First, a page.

Movie Review: “Rogue One” – The Episode We Deserved

Written by Jesse Gelinas December 21, 2016

Felicity Jones as Jyn Erso in Rogue OneIsn’t it great being able to say you’re on your way to see Star Wars in THEATERS again? No longer do Episodes I-III have to be our generation’s Star Wars films. The biggest sci-fi franchise in the world is back with a vengeance with two huge films already. Episode VII took the safe nostalgic route, letting us relive the glory of A New Hope. Gareth Edwards’ Rogue One, on the other hand, has decided to do things a little differently, taking a few more risks and giving us a few more surprises. For a story we already know the conclusion of, the film manages a few impressive twists and turns, and manages to recapture the classic Star Wars charm without being too in-your-face about it.

Rogue One takes place shortly before the beginning of the original Star Wars (aka Ep IV: A New Hope). An Imperial defector has alerted the Rebel Alliance to the existence of a new super weapon, that is about to be tested: the Death Star. Under the command of Director Krennic (Ben Mendelsohn), the planet-killing space station will usher in a new era of oppression and terror across the galaxy. Rescued from an Imperial prison, Jyrn Erso (Felicity Jones) becomes the Rebellion’s one hope at discovering the whereabouts of the Death Star’s creator (Mads Mikkelsen), and the blueprints that could lead to its destruction.

“You are rebels, aren’t you?”

Rogue One’s biggest hurdle going into it, is that every Star Wars fan knows the story already. Or rather, we know the gist, and the outcome. The Rebels steal the Death Star plans. Leia gives them to the droids. Luke and Han save the galaxy. These are not spoilers at this point. That said, the film manages to keep the story fresh with interesting characters, surprising obstacles for our heroes, and a few clever cameos that don’t feel overly shoehorned in. When I remembered the Rogue One story, I imagined a simple smash and grab operation. Not a planet hopping jailbreak, followed by full out space battles. It was grand without feeling grandiose, and different without feeling contradictory.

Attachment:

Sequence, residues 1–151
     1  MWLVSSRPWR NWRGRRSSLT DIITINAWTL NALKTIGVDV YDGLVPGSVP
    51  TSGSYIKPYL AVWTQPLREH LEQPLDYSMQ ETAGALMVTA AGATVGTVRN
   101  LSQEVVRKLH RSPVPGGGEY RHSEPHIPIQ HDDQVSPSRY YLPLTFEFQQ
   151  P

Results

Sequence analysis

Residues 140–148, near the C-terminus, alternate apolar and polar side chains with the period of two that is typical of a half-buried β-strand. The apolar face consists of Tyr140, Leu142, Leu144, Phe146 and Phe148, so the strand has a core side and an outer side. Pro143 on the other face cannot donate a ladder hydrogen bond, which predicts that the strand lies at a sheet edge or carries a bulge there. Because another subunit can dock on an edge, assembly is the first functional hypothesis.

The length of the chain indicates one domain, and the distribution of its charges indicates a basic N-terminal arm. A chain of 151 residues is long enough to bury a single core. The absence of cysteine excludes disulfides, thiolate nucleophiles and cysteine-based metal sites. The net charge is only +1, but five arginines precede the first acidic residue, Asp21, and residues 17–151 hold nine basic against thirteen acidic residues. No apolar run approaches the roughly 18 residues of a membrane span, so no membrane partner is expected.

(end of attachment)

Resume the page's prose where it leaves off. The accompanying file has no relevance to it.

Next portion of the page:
A star destroyer in front of the Death Star from Rogue One

Felicity Jones’ Jyn Erso carries the film on her shoulders, and does it with grace and general badassery. Her ragtag team of comrades all bring something different, and manage to almost rival the charm and naturalism of the original cast. Donnie Yen is terrific as the Force-faithful monk. Forest Whitaker and Mads Mikkelsen feel a tad wasted in htheir small roles, but are enjoyable as hell, as expected. And keeping with the tradition of great droids like C-3PO and BB-8, K-2SO (Alan Tudyk) brings humour, charm, and still a few cool moments to the film. He also has most of the best lines for this very reason.

“I’m one with the Force. The Force is with me.”

When I saw The Force Awakens I was blown away. I still am; it’s a NEW Star Wars movie, and it doesn’t suck. It is a great film, but once you take off the rose-coloured glasses, it does have its flaws. Yes, we all knew we ere just getting A New Hope 2.0. Yes, the winks and nods to the audience are many, and obvious. Rogue One manages to be just as enjoyable and nostalgic without feeling so forced. When R2 and 3PO show up, it doesn’t feel superfluous; it seems natural. When the Imperial Destroyer floats across the screen looking like a miniature model, it doesn’t seem like a throwback. It feels consistent. The film is full of little joyous moments like this, but you actually have to look for them, which actually makes it more rewarding, especially for hardcore fans.

A battle from Rogue One, featuring Imperial AT-ATs!

Rogue One is a fantastic Star Wars installment. And while it’s not an “episode,” this “Star Wars Story” certainly matches the criteria and the quality. It gives me new hope (Do you see what I did there? Do you? Do you see?) for the prequels and spin-offs on the horizon, of which I was previously very wary. The film entertains, surprises, and manages to make the hard choices come the end that really raise it up to new heights in the revived franchise. I don’t want to put it on too much of a pedestal, but honestly, Rogue One should be the benchmark for Star Wars going forward.

My Rating: 9/10

Rogue One theatrical poster

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About Jesse Gelinas

After years attempting to escape the Matrix, Jesse has accepted his fate as a writer and Senior Editor. Now that's he finished with his film degree, it gives him something to do while waiting for the machines to get careless.

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